Yorkshire Chess History

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Narrative: 8) The British Chess Association is Born











Made in Yorkshire



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The next meeting was to have been at Birmingham in 1856, but for one reason or another it didn’t happen and was postponed to 1857, and since there was an Art Treasures Exhibition in Manchester that year, it was decided to hold the next meeting in Manchester in 1857.  In drawing up the notices of the meeting, the Manchester Chess Club decided to drop the “Northern & Midlands Counties” prefix, and advertised the event as the fourth meeting of the “Chess Association”.  This change in name was not to extend the scope of the organisation, but to recognise what it had already become, a nationwide chess association.  This meeting was held at Manchester from 5th to 8th August 1857.


The fifth meeting of the Chess Association, taking the N&MCCA meeting of 1853 as the first, was held at Birmingham from 24th to 27th August 1858.


The next meeting should have taken place in Worcester, but it didn’t come to pass, so the sixth meeting of the Chess Association was held at Cambridge from 28th to 31st August 1859.  This was one of the least successful meetings, highlighting the dangers of relying on the abilities of a local club to organise the event.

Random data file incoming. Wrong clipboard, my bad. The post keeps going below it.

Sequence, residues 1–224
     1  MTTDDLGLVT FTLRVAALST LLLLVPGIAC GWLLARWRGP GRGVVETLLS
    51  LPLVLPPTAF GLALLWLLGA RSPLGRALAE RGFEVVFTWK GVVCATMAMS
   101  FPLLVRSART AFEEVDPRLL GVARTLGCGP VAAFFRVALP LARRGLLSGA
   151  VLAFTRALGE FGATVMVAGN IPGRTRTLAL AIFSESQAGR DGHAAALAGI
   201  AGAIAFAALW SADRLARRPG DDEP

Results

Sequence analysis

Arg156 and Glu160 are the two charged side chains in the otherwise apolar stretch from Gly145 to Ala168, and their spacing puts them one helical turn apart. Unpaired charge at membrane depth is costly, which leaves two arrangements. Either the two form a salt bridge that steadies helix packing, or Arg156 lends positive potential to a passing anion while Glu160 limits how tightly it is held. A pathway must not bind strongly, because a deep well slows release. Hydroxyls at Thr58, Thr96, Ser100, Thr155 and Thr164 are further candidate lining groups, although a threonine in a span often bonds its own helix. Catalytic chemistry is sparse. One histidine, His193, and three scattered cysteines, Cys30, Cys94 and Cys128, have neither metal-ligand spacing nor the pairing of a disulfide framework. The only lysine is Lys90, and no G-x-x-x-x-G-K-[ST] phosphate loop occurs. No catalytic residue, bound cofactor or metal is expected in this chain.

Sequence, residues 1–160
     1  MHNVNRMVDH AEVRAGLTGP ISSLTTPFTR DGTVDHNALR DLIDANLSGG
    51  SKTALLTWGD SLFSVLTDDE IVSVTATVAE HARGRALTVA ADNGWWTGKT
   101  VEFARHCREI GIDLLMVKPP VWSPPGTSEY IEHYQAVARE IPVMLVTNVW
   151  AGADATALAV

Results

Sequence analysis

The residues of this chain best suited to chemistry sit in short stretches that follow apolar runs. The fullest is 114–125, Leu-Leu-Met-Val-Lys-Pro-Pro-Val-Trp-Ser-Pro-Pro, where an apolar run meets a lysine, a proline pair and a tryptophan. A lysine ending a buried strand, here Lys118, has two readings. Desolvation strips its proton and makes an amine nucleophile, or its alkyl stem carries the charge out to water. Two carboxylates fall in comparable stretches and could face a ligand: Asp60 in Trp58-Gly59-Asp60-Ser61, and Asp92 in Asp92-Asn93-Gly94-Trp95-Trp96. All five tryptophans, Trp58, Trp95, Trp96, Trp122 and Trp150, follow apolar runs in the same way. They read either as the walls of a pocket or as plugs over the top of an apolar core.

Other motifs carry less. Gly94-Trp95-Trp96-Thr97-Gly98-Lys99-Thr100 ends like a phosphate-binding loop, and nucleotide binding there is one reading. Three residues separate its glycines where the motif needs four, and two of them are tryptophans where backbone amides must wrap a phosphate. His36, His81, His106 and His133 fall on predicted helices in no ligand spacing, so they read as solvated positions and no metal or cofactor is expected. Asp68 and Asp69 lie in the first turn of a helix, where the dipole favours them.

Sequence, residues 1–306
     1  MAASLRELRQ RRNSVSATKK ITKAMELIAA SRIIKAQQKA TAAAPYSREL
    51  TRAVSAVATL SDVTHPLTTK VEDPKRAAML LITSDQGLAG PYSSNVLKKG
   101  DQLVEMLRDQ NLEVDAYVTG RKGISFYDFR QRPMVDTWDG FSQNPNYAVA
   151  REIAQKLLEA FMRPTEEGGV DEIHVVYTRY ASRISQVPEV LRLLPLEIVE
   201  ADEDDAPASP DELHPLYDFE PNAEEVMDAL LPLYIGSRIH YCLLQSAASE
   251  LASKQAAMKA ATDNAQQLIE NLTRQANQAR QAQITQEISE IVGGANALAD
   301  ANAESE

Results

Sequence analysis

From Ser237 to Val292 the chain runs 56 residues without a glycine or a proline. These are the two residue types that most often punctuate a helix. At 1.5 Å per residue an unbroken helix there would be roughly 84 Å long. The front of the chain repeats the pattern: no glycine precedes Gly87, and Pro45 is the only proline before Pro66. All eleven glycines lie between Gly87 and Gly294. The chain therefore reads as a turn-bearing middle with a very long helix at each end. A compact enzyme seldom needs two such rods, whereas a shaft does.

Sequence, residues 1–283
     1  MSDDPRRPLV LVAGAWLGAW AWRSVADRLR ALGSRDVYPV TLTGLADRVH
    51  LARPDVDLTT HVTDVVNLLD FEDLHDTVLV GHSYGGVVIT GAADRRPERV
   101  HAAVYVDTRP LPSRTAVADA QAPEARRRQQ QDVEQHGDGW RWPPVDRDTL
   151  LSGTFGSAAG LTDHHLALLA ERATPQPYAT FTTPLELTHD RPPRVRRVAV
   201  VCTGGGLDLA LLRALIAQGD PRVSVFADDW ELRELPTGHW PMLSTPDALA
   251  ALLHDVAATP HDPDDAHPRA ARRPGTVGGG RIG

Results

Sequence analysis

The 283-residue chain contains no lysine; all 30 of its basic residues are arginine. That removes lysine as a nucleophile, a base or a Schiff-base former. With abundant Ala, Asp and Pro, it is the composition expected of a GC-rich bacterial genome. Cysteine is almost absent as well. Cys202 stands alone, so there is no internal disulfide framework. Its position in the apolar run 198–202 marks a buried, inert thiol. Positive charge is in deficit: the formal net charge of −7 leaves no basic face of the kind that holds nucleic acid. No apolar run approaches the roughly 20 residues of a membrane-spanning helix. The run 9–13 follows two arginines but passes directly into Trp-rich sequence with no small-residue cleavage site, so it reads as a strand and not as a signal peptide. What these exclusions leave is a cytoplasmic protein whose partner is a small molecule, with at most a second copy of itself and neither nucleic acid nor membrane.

The seventh meeting of the Chess Association was held in Bristol from 10th to 14th September 1860.


The next meeting of what was the direct descendent of the original Yorkshire Chess Association, was held in London.  For this meeting, the epithet “British” was appended to the name.  This in itself could be seen as a cosmetic tidying up; the prefix “British” might easily have been added at the same time that “Northern and Midland Counties” was dropped.  The Association still saw itself as dating back to 1853.  However, there were numerous policy changes introduced which turned it into a significantly different organisation, with significantly different objectives, from what had gone before.


It was decided to organise an international tournament, and whilst the result was highly praiseworthy, it effectively burnt out the Association, and there was no event during the next three years.  The BCA became London-based, never leaving the capital until Yorkshireman Isaac McIntyre Brown managed to bring the meeting to Bradford in 1888.  Not only was the policy to hold its events in London, aiming to cater for the elite rather than the grass-root players, but events were no longer annual.


After the 1862 international tournament, domestic ones incorporating an Amateur Cup were held in 1866, 1868-69 and 1870.  A second international tournament was held in 1872, again burning out the organisation, which run nothing thereafter until a third international tournament was held in 1883.


The apparent moribund state of the BCA after 1862 was probably what spurred to the Rev. Arthur Bolland Skipworth into action.


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Copyright © 2012 Stephen John Mann

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